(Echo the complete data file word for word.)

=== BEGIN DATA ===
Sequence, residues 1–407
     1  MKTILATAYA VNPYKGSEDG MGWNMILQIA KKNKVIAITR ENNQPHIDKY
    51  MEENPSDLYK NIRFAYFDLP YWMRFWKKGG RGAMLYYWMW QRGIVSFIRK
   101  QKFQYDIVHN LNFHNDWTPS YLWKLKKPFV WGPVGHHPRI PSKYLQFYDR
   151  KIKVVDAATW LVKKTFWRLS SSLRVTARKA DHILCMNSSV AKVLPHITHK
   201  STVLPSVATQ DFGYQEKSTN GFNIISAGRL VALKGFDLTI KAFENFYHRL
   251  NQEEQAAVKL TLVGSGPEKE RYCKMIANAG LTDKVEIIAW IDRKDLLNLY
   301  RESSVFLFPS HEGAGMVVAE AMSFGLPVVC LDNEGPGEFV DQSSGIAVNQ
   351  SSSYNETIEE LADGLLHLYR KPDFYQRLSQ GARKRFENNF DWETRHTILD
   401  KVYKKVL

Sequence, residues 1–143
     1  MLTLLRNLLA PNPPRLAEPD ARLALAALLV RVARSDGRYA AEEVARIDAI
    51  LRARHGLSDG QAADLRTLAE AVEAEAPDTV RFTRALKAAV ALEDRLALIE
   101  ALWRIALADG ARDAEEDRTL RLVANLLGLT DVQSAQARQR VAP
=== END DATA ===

Sequence, residues 1–407
     1  MKTILATAYA VNPYKGSEDG MGWNMILQIA KKNKVIAITR ENNQPHIDKY
    51  MEENPSDLYK NIRFAYFDLP YWMRFWKKGG RGAMLYYWMW QRGIVSFIRK
   101  QKFQYDIVHN LNFHNDWTPS YLWKLKKPFV WGPVGHHPRI PSKYLQFYDR
   151  KIKVVDAATW LVKKTFWRLS SSLRVTARKA DHILCMNSSV AKVLPHITHK
   201  STVLPSVATQ DFGYQEKSTN GFNIISAGRL VALKGFDLTI KAFENFYHRL
   251  NQEEQAAVKL TLVGSGPEKE RYCKMIANAG LTDKVEIIAW IDRKDLLNLY
   301  RESSVFLFPS HEGAGMVVAE AMSFGLPVVC LDNEGPGEFV DQSSGIAVNQ
   351  SSSYNETIEE LADGLLHLYR KPDFYQRLSQ GARKRFENNF DWETRHTILD
   401  KVYKKVL

Sequence, residues 1–143
     1  MLTLLRNLLA PNPPRLAEPD ARLALAALLV RVARSDGRYA AEEVARIDAI
    51  LRARHGLSDG QAADLRTLAE AVEAEAPDTV RFTRALKAAV ALEDRLALIE
   101  ALWRIALADG ARDAEEDRTL RLVANLLGLT DVQSAQARQR VAP